SALT LAKE CITY — It was nice while lasted, but what a difference one month can make.
In January, the AAA Gas Price Report showed Utah with the lowest fuel price in the country after dropping 50 cents from December, with six states registering average prices less than $3.00. Today, however, Utah’s average price is 37 cents higher, and no states report average prices below $3.00. Two states have prices over $4.00.
The current average price in Utah for a gallon of regular gasoline is at $3.27. Even with the dramatic increases, Utah has the fourth lowest average price in the nation, with only Montana, New Mexico and Wyoming registering lower prices than the Beehive state.
All of the Utah cities tracked in the monthly report showed double digit increases. Logan motorists saw prices climb 56 cents while Vernal’s price increased 16 cents. The remaining cities report increases between 30 and 37 cents.
Logan motorists saw prices climb 56 cents while Vernal's price increased 16 cents.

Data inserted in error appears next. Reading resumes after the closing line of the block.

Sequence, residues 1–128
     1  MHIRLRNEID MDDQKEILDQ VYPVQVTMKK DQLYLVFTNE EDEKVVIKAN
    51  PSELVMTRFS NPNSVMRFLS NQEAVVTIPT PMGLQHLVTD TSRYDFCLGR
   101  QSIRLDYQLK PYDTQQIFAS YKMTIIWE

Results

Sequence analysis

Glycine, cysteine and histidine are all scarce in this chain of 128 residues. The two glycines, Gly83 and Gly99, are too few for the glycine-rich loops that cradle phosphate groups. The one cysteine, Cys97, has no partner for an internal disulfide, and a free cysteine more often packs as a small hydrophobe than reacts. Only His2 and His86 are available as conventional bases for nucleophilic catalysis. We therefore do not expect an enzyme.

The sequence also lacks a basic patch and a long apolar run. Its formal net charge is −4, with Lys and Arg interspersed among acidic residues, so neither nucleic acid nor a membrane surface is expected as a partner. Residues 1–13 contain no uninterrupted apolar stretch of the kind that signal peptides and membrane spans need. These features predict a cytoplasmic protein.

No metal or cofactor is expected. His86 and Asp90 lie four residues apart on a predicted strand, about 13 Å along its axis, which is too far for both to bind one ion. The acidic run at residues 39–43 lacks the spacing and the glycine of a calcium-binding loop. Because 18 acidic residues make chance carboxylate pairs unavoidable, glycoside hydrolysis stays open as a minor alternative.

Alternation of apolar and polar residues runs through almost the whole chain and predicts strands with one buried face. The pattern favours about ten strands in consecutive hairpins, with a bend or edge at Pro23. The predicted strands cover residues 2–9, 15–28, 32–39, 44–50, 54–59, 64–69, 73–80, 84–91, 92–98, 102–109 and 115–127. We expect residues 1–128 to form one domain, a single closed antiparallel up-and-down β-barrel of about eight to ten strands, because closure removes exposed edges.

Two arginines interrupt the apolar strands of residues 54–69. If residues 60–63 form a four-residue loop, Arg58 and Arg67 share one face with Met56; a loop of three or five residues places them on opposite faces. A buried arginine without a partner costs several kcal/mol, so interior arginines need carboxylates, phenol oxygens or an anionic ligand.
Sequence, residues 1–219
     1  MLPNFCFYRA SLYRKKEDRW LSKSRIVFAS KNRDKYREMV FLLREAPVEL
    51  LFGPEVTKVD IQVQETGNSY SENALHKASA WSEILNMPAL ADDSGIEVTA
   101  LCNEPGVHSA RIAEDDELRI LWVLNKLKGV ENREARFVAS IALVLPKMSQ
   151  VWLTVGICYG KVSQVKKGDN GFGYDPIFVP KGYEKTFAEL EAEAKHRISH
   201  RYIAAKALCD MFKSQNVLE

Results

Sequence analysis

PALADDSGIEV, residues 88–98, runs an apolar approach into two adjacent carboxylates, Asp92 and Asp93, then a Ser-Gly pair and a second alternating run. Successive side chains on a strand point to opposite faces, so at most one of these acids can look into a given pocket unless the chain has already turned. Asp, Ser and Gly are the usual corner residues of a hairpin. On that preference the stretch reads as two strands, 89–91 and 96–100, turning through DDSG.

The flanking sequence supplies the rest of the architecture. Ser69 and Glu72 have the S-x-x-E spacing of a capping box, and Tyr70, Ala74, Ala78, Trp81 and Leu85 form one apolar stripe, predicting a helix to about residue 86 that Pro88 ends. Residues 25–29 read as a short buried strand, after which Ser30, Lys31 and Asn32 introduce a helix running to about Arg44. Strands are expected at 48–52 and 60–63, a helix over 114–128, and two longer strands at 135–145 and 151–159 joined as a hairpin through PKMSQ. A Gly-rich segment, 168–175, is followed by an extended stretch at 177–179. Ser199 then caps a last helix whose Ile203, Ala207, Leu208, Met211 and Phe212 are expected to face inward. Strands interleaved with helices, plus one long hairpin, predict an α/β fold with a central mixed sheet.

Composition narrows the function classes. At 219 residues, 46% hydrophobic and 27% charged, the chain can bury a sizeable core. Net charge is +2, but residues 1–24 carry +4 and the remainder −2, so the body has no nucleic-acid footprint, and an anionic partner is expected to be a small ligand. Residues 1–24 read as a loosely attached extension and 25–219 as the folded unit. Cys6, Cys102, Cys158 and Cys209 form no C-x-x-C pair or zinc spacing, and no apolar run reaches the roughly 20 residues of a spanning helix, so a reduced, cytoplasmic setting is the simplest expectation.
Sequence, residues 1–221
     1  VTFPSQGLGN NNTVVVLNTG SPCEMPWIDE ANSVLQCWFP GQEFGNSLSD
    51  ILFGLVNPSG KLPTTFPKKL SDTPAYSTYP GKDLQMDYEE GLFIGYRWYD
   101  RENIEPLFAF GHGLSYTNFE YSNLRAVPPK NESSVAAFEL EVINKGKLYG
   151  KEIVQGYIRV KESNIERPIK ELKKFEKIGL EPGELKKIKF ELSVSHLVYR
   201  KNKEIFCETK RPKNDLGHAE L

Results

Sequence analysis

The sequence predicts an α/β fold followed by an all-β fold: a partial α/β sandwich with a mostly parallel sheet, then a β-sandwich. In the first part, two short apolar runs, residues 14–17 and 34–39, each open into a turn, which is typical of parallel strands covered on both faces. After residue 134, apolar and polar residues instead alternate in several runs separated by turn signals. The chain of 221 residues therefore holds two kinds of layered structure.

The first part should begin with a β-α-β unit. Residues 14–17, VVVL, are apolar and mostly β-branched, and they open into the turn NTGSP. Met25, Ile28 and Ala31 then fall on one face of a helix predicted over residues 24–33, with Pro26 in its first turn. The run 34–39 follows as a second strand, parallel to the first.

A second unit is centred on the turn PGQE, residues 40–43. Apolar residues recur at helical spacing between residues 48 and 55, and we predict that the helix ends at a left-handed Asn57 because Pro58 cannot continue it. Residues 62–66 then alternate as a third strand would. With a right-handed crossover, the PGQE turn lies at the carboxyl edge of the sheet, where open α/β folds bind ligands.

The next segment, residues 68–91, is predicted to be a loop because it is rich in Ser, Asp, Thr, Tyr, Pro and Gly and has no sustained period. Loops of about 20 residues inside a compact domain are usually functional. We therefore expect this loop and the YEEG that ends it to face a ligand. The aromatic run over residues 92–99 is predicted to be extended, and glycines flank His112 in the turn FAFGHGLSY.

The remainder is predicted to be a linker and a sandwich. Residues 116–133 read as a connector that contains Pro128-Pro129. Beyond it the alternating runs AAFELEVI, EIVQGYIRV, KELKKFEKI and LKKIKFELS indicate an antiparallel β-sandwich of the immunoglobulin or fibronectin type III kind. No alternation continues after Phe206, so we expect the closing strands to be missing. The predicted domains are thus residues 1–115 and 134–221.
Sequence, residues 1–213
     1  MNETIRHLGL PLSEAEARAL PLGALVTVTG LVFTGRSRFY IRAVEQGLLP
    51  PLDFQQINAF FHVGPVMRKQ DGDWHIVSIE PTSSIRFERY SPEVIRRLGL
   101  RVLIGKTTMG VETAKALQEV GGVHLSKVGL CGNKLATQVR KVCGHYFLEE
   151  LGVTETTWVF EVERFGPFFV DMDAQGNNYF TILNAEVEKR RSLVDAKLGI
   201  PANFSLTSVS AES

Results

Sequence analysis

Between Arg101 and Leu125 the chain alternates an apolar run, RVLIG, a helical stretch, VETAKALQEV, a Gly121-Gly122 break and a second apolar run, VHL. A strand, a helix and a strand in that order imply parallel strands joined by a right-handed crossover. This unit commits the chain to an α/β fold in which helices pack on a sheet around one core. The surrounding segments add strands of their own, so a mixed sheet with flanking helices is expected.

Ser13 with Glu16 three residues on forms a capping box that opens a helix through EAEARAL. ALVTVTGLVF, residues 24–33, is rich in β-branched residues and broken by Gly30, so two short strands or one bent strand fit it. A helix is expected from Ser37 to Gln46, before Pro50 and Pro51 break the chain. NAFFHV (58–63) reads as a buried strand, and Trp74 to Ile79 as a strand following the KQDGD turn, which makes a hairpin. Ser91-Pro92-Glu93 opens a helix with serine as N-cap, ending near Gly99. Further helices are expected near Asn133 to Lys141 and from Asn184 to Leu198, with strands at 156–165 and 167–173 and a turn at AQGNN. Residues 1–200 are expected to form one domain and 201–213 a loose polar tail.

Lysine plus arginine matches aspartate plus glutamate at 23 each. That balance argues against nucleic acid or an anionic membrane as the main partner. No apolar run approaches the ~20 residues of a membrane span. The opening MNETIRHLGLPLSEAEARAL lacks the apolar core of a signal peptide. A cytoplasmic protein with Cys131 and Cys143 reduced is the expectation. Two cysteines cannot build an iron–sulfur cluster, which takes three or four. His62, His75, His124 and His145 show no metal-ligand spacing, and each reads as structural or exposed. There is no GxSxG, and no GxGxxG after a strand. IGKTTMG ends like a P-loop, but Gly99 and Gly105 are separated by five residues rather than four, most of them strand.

The national average price is $3.60 per gallon — 29 cents higher than a month ago and 9 cents higher than a year ago. The national average price has increased for 26 consecutive days, which is the longest streak since February and March 2012.
Drivers in California saw prices rise above the $4 mark with the current average price at $4.06 — the highest in the lower 48 states. Hawaii reported the highest average prices in the nation at $4.24, while Wyoming had the lowest average price in the country at $3.07 per gallon.
West Texas Intermediate crude oil prices declined slightly last week but moved up Monday before settling $1.31 higher at $97.03 per barrel — up $3.84 higher from January.
“Dramatic increases like those experienced since mid-January typically result from escalating geopolitical tensions or extreme weather disturbances,” said AAA Utah spokeswoman Rolayne Fairclough. “The recent increases can be attributed to more expensive crude oil and, more notably, to regional refinery issues plus the approaching switchover to summer-blend gasoline."